Amateur Storm Chaser? How Exactly Does One “Turn Pro” in Iowa?
While the dead of winter doesn't exactly elicit the thought of chasing storms since in the winter they sort of chase us, maybe you're not thinking tornadoes. Understandable for sure. But if you're excited for the day when you can again see low-hanging wall clouds and see storm warnings crawl on the bottom of your TV for hours, it may be time to consider becoming an Iowa storm chaser.
Amateur storm chaser vs. "pro" storm chasers
Okay so for starters, there's no "Major Leagues" for chasing storms. There are amateurs who do it for fun/interest. And there are those who can make money off of it. Before I jump into how to profit off Mother Nature's cruel creations, let's start with defining what exactly is a storm chaser. The website Oklahoma Shelters defines one as,
A storm chaser is anyone who goes after a tornado or hurricane, collecting various data, including photos and videos, recording numbers, wind speeds, and more.
So with that in mind, it seems there has to be a way to turn this into a job, right Obviously an amateur storm chaser does it for fun/recreation or to make YouTube videos, while a "pro" would be employed by a larger entity. While being a pro may not be a full-time job, it's a chance to make money and do something you enjoy non the less.
How to become a professional storm chaser
The job website Blues Explosion points out a professional storm chaser is responsible for collecting data on winds and storms. This information is used after the storm ends to determine, among other things, the power of a tornado on the Enhanced Fujita Scale. They also help determine weather patterns. Quite often meteorologists, like the ones we see on the nightly news, are storm chasers in their spare time.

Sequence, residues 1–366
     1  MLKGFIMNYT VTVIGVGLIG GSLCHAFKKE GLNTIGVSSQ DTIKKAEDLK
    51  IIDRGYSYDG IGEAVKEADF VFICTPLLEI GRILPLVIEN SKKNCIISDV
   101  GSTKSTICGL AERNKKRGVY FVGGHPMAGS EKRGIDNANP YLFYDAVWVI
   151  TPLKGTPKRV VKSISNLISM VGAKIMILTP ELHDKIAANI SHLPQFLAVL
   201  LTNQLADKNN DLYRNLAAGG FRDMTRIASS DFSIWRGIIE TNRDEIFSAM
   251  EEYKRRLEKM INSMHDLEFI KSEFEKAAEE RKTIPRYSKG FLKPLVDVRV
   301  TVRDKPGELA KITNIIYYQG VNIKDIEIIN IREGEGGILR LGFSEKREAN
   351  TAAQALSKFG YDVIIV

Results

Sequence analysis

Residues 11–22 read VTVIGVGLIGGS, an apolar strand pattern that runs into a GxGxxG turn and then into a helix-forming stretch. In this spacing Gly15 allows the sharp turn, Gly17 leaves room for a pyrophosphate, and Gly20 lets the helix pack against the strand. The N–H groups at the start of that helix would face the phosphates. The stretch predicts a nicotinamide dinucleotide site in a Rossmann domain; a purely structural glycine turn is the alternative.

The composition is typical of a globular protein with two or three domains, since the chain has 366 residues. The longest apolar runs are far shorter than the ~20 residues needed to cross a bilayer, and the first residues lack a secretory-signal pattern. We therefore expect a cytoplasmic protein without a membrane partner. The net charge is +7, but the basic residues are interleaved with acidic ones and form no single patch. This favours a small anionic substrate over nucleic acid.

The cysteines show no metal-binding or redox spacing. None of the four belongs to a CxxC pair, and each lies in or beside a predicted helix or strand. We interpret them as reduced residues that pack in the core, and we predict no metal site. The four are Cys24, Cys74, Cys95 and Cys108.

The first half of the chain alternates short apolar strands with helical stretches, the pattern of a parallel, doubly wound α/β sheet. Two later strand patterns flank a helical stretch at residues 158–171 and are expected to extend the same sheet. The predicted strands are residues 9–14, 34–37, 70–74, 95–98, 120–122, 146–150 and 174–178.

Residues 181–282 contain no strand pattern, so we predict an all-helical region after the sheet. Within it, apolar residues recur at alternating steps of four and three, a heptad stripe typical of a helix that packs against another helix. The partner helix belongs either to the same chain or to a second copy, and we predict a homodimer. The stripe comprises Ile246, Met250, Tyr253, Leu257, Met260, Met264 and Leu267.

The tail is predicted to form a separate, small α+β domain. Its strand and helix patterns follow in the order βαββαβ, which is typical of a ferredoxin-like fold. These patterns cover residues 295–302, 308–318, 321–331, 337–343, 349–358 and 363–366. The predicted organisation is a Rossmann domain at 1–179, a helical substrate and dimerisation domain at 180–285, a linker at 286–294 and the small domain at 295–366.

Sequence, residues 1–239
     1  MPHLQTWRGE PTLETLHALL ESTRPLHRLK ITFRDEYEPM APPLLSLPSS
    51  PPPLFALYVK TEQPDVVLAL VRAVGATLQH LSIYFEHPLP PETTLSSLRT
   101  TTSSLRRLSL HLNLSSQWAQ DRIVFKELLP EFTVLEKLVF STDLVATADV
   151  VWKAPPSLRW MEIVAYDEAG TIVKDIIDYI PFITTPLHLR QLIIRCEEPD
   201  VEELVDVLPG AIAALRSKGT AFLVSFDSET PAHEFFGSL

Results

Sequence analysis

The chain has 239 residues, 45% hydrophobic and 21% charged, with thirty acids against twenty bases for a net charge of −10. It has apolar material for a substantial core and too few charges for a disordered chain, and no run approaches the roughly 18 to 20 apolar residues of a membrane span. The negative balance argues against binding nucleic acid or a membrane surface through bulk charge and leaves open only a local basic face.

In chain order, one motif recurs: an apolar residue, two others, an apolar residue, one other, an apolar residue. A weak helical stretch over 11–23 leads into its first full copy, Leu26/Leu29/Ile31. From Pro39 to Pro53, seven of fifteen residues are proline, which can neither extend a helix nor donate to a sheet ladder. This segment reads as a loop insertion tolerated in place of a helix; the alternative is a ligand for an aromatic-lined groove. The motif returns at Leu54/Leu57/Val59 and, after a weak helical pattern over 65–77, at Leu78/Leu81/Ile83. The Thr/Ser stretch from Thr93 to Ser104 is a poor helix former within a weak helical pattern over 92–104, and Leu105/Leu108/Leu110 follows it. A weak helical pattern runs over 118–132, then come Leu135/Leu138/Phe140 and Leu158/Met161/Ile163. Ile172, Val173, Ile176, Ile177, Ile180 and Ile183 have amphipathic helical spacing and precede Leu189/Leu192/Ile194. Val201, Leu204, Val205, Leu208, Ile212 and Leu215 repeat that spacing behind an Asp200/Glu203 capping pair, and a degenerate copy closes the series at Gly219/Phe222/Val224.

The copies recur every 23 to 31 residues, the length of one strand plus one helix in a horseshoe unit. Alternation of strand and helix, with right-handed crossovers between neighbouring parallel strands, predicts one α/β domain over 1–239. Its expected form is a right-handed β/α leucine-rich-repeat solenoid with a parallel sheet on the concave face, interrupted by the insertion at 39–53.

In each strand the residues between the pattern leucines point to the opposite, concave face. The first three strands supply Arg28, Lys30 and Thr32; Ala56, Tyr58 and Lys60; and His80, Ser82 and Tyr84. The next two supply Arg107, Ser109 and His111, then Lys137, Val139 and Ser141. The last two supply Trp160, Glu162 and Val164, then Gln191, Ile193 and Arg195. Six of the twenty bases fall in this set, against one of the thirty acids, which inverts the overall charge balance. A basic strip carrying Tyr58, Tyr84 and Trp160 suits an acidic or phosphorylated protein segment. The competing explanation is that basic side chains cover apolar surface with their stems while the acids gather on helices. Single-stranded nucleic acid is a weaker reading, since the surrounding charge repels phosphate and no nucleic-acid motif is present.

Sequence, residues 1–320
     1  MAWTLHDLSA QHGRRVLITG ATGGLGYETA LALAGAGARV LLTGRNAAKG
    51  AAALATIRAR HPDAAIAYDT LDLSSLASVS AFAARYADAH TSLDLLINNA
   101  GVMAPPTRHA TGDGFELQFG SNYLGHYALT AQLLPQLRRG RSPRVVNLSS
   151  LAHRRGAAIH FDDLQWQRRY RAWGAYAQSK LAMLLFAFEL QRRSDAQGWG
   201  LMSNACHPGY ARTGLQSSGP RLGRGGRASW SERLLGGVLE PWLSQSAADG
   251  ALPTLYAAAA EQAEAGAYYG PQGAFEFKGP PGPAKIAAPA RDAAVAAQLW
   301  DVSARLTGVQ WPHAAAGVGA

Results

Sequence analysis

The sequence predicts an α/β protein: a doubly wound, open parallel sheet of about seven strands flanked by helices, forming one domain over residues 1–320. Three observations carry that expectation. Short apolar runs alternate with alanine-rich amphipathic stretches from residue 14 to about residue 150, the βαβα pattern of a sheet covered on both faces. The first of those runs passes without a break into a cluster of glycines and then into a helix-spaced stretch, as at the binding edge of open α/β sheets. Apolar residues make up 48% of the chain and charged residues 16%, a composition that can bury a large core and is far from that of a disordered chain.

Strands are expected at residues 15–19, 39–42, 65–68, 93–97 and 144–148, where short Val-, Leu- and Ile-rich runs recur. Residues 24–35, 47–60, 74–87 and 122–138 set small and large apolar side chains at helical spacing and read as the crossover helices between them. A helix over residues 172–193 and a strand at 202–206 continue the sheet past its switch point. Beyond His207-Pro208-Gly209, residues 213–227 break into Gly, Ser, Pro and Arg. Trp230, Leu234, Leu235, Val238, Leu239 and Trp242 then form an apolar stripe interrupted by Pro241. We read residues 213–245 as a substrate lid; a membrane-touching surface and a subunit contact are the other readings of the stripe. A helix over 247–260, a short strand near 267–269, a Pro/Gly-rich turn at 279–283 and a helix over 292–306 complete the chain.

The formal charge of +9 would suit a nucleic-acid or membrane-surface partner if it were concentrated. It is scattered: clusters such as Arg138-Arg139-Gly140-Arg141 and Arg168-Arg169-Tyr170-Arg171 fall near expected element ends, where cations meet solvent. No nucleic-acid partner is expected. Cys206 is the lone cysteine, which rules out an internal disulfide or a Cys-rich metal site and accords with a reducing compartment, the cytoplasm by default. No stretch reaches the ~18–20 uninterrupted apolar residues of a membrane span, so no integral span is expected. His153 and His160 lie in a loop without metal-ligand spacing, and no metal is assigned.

Another venue where you might find work as a professional storm chaser: colleges. Iowa State University, for example, has employed storm chasers. There is also money to be made in freelancing. Think photos, videos, etc. I mentioned YouTube earlier, if you gather good enough footage, that's a great place to make some cash storm chasing.
You will need some weather-cation too. Because storm chasing is under the meteorology umbrella, be prepared to take classes. Or, a degree in meteorology or atmospheric science would certainly be a boon as well. You'll need to be tech-savvy, and will want to be sure you have dependable transportation.
If you're deadset on doing storm chasing as a profession, you should first check out the National Weather Services SKYWARN program.